Look out for: The impressive astronomical ceiling in the tomb of Ramesses V and VI, where sky goddess Nut demonstrates the cycle of day and night.

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5 Funerary temple of Hatshepsut

Where: Luxor’s West Bank

When: About 1445BC

Why go: Built to commemorate Egypt’s female pharaoh, Hatshepsut, this three-tiered temple is impressive enough on its own. But ask a guide about the human history behind its construction – the temple architect Senenmut is said to have been Hatshepsut’s lover – and it gets even more interesting.

“Ask a guide about the human history behind its construction – the temple architect Senenmut is said to have been Hatshepsut’s lover – and it gets even more interesting.”

Look out for: The carvings depicting a journey to Punt, a kingdom on the Red Sea possibly around modern-day Somalia, to exchange gold for silver, and ostrich feathers for ebony.

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6 Temple of Kom Ombo

Where: Kom Ombo, 25 miles north of Aswan

When: 180-47BC, with later Roman additions

Why go: Unusually, this temple is dedicated to two gods – the crocodile god Sobek in the southern half, and falcon god Horus the Elder to the north – with each half a mirror image of the other. There are still traces of the coloured egg-white dyes used to bring the relief carvings to life in bright reds and blues.

“This temple is dedicated to two gods – the crocodile god Sobek in the southern half, and falcon god Horus the Elder to the north – with each half a mirror image of the other.”

Look out for: The odd but interesting museum of mummified crocodiles discovered in a crypt underneath the temple. They’re kept in good company with fish, dogs, baboons and a gazelle’s head all mummified for posterity.

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7 Philae temple

Where: On Agilkia island, four miles south of Aswan

When: 380-362BC

Why go: This temple dedicated to the Egyptian goddess Isis is grand enough on its own, but surrounded by the sparkling blue waters of the River Nile, it’s even more of a treat. Grand carvings of Isis grace the entrance, but step inside and it feels much more intimate, with hieroglyphs telling the goddess’s story. There are even signs of early Christian worship – a Coptic cross and a tabernacle – thought to date from around AD400 and graffiti left behind by Napoleonic soldiers. If clients are here in the evening, suggest booking a ticket to the sound and light show – many temples offer them, but this one is the most engaging.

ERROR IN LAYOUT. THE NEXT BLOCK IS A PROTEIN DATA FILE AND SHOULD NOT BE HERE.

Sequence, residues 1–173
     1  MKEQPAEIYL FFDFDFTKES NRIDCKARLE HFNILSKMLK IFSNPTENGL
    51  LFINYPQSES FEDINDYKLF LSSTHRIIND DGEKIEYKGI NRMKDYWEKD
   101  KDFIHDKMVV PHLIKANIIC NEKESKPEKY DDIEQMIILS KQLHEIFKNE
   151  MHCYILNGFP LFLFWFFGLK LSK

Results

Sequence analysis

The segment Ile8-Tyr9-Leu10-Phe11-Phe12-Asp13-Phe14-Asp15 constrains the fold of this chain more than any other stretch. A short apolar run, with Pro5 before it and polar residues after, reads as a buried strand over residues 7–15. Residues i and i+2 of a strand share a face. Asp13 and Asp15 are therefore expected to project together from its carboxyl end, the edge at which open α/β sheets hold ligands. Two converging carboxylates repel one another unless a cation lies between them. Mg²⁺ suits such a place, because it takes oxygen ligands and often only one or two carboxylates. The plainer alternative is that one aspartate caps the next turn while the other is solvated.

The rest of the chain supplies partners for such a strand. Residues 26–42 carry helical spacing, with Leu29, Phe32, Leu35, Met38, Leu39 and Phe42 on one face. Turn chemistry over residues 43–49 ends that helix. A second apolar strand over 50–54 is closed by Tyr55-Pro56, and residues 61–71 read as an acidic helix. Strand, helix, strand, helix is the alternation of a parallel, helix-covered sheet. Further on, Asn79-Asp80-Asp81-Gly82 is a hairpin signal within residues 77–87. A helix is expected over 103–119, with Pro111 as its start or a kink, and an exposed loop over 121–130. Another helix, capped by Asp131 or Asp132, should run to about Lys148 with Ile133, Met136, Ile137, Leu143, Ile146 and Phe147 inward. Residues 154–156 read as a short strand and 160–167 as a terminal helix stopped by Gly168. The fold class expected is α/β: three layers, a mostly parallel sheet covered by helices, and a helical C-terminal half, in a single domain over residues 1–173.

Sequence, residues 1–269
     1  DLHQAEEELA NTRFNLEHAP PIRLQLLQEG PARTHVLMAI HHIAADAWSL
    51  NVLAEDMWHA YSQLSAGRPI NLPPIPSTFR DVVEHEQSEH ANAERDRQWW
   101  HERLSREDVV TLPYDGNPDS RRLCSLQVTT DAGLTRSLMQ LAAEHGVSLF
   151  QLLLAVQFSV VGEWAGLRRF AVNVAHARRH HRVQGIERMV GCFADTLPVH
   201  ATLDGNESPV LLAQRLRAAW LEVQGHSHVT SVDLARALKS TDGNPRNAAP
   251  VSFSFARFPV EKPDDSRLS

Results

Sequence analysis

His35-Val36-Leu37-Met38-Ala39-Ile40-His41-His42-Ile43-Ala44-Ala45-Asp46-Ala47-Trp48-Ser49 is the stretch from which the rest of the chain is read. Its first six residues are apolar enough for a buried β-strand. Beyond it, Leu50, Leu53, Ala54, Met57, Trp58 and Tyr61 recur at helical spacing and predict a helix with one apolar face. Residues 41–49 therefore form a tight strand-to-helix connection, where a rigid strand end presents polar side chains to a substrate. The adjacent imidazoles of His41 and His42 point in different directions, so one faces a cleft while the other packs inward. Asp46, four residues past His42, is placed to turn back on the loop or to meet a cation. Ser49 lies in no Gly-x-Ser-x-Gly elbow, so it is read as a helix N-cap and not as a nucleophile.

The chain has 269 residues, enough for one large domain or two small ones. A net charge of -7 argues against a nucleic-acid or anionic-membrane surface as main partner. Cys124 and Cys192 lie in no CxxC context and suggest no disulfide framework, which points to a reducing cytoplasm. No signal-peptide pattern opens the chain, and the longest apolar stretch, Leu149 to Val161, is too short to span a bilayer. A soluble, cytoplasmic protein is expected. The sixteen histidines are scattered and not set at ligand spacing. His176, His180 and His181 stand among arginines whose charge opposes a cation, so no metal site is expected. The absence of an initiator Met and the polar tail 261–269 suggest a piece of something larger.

“There are even signs of early Christian worship – a Coptic cross and a tabernacle – thought to date from around AD400 and graffiti left behind by Napoleonic soldiers.”

Look out for: The water mark that shows how deeply the temple was submerged in its original home, on Philae island, before being moved to its current location in the 1980s, when construction of the Aswan High Dam flooded the island altogether.

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8 Abu Simbel temples

Where: Lake Nasser, 175 miles south of Aswan

When: 1264BC to 1244BC

Why go: Most cruise operators fly passengers down from Aswan to see the twin temples of Abu Simbel – monuments to Ramesses II and queen Nefertari – and it’s worth going the extra distance. Colossal doesn’t quite cover the sheer size of the 20m-high statues of the pharaoh that man the entrance, carved directly out of the stone. Likewise Nefertari’s temple, where the pair appear – rarely for ancient Egypt – at the same gigantic size. Like Philae, the temples were moved piece by piece in the 1960s to preserve them from water damage.

“Colossal doesn’t quite cover the sheer size of the 20m-high statues of the pharaoh that man the entrance, carved directly out of the stone.”

Look out for: The row of 22 baboons that crowns the top of the facade, putting their arms up towards the rising sun.


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Sample product

Abercrombie & Kent has a six-night Highlights of Egypt trip, which travels to Cairo, Aswan, Kom Ombo, Edfu and Luxor. Prices start at £1,695 per person, which includes flights, accommodation, transfers, guiding and a cruise onboard Sun Boat IV.
abercrombiekent.co.uk

Riviera Travel offers the 15-day Wonders of the Nile – From Cairo to Aswan. Prices start at £2,469 including flights, 14 nights on board Mövenpick Darakum, all meals, guided tours and entrance fees.
rivieratravel.co.uk